For the first time after the engine is turned off, the temperature in the cabin may even be excessively high, so it will be necessary to cover the heating tank with some kind of cover. By the end of the estimated heating period, when the water temperature in the tank drops to 40-50, the side surface of the tank may not be sufficient to heat the cabin. The approximate required lateral area of the tank F (m²) can be determined by the same Fig. 2. Structurally, the tank area can be increased, for example, by soldering ribs to it; the easiest way is to slightly increase the water supply.

Water heating can be carried out from the cooling system of a stationary engine using heated water from an external circuit. By another method, the external cooling circuit is connected to the internal circuit using a thin tube with an internal diameter of about 10 mm. In the upper part of the expansion tank, a drain hose fitting with an internal diameter of 20-25 mm is strengthened. When opening a tap mounted on a thin connecting tube, water from the external circuit will flow into the internal one, as a result of which the water level in the expansion tank will rise and excess water will drain into the heating tank through the drain hose. The same faucet is used to adjust the temperature of the flowing water. In the case of heating a small cabin according to this scheme, two or three cans can be used as a radiator. At the same time, it is advisable to take the drain hose out of the transom, outside of which the filled canister is attached (this eliminates the ingress of water into the boat when the canister overflows).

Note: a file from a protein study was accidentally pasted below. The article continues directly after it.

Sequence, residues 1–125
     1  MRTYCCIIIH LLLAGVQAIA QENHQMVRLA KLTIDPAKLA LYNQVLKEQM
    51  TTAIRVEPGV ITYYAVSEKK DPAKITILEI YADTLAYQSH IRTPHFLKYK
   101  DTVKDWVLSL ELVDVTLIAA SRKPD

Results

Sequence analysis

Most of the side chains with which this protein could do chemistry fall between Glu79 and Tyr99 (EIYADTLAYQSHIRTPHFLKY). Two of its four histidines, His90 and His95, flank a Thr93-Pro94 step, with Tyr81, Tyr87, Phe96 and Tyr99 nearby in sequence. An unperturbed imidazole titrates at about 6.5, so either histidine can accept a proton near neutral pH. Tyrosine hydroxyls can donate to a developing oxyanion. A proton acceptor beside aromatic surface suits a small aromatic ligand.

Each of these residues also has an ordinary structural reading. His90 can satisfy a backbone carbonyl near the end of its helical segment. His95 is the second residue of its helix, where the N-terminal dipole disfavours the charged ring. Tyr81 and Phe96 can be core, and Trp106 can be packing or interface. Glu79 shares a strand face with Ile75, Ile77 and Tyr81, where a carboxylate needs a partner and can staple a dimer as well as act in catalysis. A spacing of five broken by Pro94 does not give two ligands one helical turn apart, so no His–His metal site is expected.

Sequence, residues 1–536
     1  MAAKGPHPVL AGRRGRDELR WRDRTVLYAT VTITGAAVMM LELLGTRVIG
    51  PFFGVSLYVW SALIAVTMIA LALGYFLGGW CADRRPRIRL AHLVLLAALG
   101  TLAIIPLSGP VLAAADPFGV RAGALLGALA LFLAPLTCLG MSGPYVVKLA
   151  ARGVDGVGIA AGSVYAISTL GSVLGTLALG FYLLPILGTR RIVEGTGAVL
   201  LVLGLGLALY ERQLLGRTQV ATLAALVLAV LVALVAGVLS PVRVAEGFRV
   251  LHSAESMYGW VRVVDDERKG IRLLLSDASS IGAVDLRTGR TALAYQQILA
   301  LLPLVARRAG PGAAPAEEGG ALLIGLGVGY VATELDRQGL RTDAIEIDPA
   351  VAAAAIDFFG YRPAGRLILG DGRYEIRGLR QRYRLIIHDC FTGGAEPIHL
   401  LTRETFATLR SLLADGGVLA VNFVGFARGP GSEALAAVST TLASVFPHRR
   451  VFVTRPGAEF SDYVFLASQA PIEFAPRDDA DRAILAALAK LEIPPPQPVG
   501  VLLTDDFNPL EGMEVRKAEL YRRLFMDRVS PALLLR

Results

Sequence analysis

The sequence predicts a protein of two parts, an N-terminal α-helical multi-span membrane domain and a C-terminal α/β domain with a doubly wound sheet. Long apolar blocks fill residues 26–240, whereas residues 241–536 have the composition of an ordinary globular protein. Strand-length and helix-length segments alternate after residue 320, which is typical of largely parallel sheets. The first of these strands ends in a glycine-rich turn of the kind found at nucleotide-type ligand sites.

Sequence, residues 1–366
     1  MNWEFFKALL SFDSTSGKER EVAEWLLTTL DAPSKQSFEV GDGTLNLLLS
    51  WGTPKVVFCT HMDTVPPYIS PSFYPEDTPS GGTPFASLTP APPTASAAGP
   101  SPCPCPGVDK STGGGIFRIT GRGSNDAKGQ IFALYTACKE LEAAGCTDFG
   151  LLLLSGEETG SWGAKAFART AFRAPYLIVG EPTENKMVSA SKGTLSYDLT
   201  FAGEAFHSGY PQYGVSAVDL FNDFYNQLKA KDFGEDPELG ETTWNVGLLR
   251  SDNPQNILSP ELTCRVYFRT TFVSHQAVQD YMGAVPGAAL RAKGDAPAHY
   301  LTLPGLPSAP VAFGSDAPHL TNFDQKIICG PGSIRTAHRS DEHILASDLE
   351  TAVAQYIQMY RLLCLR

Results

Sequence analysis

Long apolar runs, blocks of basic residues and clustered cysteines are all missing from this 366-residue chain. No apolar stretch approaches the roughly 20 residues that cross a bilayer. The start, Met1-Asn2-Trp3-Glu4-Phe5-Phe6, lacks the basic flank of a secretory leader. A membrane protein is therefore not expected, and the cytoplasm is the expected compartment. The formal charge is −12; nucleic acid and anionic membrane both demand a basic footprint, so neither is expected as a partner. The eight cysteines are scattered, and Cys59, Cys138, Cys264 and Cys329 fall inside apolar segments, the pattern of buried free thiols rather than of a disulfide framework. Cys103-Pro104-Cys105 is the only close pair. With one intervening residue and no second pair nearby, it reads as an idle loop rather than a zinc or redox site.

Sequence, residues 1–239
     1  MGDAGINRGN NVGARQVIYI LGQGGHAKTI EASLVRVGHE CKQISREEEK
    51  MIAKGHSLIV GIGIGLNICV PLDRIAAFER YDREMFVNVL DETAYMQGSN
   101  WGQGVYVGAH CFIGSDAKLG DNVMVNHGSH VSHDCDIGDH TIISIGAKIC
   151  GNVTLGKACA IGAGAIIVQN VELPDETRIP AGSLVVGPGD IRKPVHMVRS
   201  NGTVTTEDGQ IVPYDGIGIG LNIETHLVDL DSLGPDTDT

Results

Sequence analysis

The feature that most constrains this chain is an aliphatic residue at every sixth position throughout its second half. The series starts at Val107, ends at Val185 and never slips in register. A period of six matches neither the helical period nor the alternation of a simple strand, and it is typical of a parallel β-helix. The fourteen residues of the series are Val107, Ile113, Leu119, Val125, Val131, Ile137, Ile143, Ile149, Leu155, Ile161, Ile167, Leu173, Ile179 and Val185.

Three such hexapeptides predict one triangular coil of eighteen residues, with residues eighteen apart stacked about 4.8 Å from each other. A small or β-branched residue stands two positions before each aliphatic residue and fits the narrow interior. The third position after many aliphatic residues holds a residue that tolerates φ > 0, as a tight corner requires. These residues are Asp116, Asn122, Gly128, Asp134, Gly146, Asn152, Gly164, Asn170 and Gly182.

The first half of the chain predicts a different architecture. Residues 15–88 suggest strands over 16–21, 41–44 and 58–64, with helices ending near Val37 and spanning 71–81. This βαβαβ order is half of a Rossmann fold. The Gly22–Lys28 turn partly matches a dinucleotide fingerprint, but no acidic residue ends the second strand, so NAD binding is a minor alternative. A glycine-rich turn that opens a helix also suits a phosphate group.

It is advisable to fill the heating tank with hot water on the course of the boat, since in the parking lot, even when the engine is running at medium speed, the tank filling time is much longer.

With a single-circuit engine cooling scheme, the outlet water temperature does not exceed 60, therefore, the efficiency of serial car heaters (Moskvich, Zhiguli) sharply decreases. In this case, it is advisable to install two or three radiators in series and use a higher-pressure centrifugal fan instead of an axial fan.

Such a heater can also work with a powerful outboard motor if, with the help of an additional pump (for example, using a dehumidifying pump in the Moscow-30 motor), part of the heated water is pumped out of the cooling jacket. Given the lower temperature of the incoming water in this case, its amount will have to be increased by 1.5 times compared to the recommended one in Fig. 2.

A very effective device for heating the cabin is obtained if a heating tank is strengthened over the fireplace, i.e. a miniature hot water column is built. For small, well-insulated cabins, water can be heated on heating devices designed for cooking. However, it should be borne in mind that the operation of gasoline stoves and household primuses in the cabin is not allowed both for fire safety reasons and due to excessive release of carbon monoxide dangerous to health. Gas stoves, a tourist primus or a wick kerogaz can work in the cabin for a long time only if an exhaust hood with a cross section of at least 100x100 mm is reinforced above them.